Making new product planning for life science more effective with human-centred design
The sooner a human-centred perspective is applied to the development of either a drug or device product, the more likely the product will be adopted and used because it’s been designed around what the end consumer wants and needs. This is particularly true in the highly complex ecosystem of drug and device development, where the end consumer is only one of multiple decision-makers in the purchase process. Identifying, reconciling, and incorporating the often-competing needs of the various stakeholders as early as possible in the product development cycle is a highly effective risk reduction strategy. New product planning teams play a critical role, as they are looking functionally at the entire process from R&D through to commercialisation.
In the early stages of drug development, it is logical to focus on the economic and clinical aspects of candidate identification: Is there enough of a market? Could this candidate demonstrate clinical efficacy? Is there a value story that would be compelling to payers? These are important questions to justify the investment, but they are only part of the picture. They drive development from a top-down approach, informed by and subject to the biases, blind spots, and ingrained habits of the company.
Teams need to shift from leading with a top-down approach to leading with a bottom-up, human-centred approach. You must first understand and reconcile the needs of your end users – patients, caregivers, clinicians, and payers – as early in the process as possible. This will ensure that you are developing a product these audiences will use. Patients must want to use it, physicians must want to prescribe it, and payers must want to cover it. Understanding the needs of these stakeholders will provide a richer basis to inform all your strategic efforts from early-stage R&D to late-stage commercialisation.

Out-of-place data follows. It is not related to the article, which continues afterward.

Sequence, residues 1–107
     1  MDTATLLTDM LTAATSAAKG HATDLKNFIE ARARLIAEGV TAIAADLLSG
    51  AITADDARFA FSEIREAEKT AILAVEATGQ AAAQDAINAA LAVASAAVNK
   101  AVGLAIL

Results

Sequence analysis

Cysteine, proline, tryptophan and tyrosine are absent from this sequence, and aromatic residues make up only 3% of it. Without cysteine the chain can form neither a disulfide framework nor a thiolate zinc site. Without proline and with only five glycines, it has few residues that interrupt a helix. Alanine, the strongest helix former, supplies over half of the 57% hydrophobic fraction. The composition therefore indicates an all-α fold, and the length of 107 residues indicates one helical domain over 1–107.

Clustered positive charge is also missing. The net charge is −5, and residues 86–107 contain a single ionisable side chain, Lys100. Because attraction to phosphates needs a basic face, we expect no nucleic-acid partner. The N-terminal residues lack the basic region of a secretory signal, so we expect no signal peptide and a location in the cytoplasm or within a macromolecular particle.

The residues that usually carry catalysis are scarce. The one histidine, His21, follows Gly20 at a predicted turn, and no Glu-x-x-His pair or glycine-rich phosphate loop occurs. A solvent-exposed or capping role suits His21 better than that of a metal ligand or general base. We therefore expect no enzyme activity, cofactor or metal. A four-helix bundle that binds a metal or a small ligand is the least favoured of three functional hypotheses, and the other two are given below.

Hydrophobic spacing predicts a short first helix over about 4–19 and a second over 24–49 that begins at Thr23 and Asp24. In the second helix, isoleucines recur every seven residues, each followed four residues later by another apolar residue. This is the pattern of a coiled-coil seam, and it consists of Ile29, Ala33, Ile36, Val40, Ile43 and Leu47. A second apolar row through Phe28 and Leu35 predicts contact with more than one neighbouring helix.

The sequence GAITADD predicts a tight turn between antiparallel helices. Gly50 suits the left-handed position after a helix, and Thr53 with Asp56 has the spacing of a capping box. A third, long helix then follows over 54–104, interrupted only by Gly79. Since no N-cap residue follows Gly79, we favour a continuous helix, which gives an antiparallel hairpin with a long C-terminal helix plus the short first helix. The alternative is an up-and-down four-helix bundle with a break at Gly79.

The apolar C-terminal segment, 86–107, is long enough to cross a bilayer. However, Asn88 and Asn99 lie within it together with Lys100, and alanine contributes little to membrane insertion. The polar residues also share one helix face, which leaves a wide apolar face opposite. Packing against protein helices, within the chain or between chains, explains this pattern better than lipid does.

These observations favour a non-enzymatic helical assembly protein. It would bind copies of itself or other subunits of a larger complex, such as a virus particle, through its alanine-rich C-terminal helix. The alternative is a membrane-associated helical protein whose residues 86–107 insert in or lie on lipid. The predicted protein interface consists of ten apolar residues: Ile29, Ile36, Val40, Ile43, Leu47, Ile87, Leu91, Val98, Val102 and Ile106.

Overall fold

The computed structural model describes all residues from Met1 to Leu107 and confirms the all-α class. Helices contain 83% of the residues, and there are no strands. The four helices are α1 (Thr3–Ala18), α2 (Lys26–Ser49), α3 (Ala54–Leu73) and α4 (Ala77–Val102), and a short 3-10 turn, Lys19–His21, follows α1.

Although some life sciences companies are starting to shift to incorporate human-centred design practices, it is often coming late in the drug development process – well into the commercialisation efforts of launch planning, if not post-launch. The true value of a human-centred approach is much earlier in the development lifecycle. Much like the cross-functional role the new product planners play, having them be the stewards of this human-centred view across the various audiences for the drug/device is not only logical, but could be hugely beneficial in driving a more successful product launch.
Here are four ways to incorporate human-centred design in new product planning that can inform all stakeholders engaged in the product development lifecycle from R&D to commercial:
- Map the disease state journey of your target patients during the Discovery & Development phase – Conducting experience research with your target patient audience, caregivers, and clinicians, and creating a disease state journey map will provide you with a holistic view of the disease state/treatment process that will help you to:
- identify gaps and opportunities to inform candidate selection and/or in-licensing opportunities
- gain insights to inform trial design and optimal target product profiles